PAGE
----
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Need A Little Advice

Discussion in 'Miscellaneous [BG]' started by usernamessuck, Jun 17, 2004.


  1. ok my band is starting to make it big by playing in big venues and concert halls.

    ok now my concern august 13 will be my first BIG show opening up for Wasp at harpos in detroit michigan.

    i have a bad case of stage fright. i cant even give a speech in class
    i dont want to screw up and screw everyone else up cause everyone ll be mad at me and want to kick my butt!

    HELP!

    Give me some advice what do you do?

    im only 16 and wow...

    i would appreciate any advice or techniques anybody uses

    cheezncrackers2006@yahoo.com
     
  2. Eyescream

    Eyescream

    Feb 4, 2004
    Knoxville, TN
    Find some huge fat chick in the audience and pretend you're playing just for her. You'll be so disinterested (unless you, you know, like huge fat chicks) that you won't be nervous anymore and can play everything right. :D
     
  3. Sonorous

    Sonorous

    Oct 1, 2003
    Denton, TX
    Find some pentazimin and take a bunch of it.

    EDIT: But not too much.
     
  4. First off you have a fair amount of time between now and the gig date, which is good. How much live playing experience do you and your band have? For most people some stage fright is normal so I wouldn't let that concern you.

    Right off the bat I'd advise doing as many gigs - regardless of venue size - as possible between now and then to get more 'comfortable' being in front of people. And if you're only performing for 8 people who couldn't care less put on a show as if you're headlining a stadium regardless.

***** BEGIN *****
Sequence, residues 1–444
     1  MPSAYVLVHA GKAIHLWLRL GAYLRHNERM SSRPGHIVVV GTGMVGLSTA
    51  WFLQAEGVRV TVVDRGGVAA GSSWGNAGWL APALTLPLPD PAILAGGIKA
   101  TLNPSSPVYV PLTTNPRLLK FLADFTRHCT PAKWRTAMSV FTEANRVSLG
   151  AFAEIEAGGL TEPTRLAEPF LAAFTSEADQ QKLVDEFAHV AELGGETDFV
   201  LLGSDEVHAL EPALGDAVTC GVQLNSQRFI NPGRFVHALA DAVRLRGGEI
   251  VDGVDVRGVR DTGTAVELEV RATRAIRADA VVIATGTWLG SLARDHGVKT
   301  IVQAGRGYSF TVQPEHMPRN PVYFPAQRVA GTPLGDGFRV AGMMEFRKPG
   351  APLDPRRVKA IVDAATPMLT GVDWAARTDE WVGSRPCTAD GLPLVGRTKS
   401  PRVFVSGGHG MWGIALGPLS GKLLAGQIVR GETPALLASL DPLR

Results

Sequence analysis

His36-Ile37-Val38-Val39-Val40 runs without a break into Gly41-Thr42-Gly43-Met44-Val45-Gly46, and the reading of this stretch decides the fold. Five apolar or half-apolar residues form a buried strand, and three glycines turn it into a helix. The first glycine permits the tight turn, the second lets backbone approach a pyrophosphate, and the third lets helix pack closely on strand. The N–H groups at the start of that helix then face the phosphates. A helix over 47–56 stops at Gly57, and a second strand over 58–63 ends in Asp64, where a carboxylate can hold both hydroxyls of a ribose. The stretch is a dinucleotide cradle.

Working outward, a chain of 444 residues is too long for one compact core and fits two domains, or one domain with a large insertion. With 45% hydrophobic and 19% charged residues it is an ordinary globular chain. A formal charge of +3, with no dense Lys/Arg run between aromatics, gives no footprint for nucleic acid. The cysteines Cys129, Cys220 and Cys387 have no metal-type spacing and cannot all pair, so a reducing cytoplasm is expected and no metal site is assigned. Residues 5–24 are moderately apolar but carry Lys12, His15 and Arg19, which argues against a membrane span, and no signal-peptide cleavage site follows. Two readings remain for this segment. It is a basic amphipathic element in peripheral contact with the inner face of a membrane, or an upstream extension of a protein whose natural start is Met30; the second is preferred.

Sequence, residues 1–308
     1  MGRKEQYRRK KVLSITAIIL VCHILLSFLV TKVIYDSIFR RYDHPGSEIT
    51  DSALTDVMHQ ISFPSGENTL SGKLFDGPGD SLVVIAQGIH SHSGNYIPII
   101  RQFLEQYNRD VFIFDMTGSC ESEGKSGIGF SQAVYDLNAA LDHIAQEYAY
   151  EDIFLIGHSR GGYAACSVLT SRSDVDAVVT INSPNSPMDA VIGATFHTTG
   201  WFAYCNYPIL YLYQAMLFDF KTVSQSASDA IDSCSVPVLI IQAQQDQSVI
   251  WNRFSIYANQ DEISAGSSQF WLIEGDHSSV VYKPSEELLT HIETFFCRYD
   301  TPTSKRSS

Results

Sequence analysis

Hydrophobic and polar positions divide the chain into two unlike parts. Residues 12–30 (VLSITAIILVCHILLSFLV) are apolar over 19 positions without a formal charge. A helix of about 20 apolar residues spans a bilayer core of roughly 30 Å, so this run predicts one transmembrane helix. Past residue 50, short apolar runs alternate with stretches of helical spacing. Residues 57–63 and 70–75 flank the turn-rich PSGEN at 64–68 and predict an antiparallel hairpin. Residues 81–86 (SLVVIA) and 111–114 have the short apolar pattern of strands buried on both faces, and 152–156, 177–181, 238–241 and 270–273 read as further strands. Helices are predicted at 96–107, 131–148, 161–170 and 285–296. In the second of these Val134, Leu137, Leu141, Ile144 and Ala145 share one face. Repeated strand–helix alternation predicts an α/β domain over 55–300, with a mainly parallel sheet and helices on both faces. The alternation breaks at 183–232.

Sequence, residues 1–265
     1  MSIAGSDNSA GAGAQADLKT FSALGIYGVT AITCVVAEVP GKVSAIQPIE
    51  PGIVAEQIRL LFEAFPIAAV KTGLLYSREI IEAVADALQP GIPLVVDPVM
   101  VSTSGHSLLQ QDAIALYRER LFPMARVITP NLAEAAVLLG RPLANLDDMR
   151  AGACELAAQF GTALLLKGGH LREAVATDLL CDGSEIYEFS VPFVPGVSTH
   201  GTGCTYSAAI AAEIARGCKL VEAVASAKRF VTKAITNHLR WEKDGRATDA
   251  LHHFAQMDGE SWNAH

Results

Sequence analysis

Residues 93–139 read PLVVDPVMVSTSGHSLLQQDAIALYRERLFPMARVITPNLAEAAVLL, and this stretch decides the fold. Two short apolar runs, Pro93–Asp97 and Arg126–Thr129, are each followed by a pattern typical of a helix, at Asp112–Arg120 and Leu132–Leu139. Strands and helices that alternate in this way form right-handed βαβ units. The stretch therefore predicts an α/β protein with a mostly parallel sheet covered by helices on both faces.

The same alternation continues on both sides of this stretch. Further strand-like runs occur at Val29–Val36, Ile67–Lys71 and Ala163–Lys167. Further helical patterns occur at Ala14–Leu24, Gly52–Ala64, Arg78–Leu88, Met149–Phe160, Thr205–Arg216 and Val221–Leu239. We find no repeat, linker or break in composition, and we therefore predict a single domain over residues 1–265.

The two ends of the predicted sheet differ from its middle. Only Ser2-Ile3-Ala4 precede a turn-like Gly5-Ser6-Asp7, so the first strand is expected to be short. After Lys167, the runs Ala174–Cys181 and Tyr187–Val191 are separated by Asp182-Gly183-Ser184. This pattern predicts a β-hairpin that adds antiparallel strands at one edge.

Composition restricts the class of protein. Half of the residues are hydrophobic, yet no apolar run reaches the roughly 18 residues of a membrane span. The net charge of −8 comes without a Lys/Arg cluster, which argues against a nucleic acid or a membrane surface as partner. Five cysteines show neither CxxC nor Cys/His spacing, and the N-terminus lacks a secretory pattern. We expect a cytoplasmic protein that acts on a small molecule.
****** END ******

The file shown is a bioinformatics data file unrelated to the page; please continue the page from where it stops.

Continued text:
If there are situations around you where it's possible to personally go sit in and jam with strangers do that, also.

    I'm not familiar with the venue you'll be performing at but if it's typical of those I used to play then the audience, at least visually, will pretty much 'disappear' once you start playing. With a dark room and typical stage lighting you're not going to easily 'see' the size of the audience, other than those gathered at the front of the stage. The lights will prevent that, although if it's a decent crowd you can definately 'feel' their presence.

    Try to rehearse in a room with mirrors so that you (and the band) can see what's being presented as play down your set. In this manner you're not just 'going thru the motions' of practicing a set of songs that the band probably knows backwards and forwards, you'll be rehearsing what will become the all-important "Live Show". Critique each player's visual presence (with the understanding that it's not bashing one another, ego's can get bruised) and have everyone make suggestions as to what they feel can be improved upon. You have one chance to impress people when you hit the stage.

    Highly recommend video taping these live set rehearsals if possible along with any gigs done between now and August. I cannot state this enough. It's amazing to watch yourself in context with the music being played, the interaction between yourself and your band mates. Watching the tapes might bring about a complete change from what you think may be your 'coolest' moves/whatever you have going on.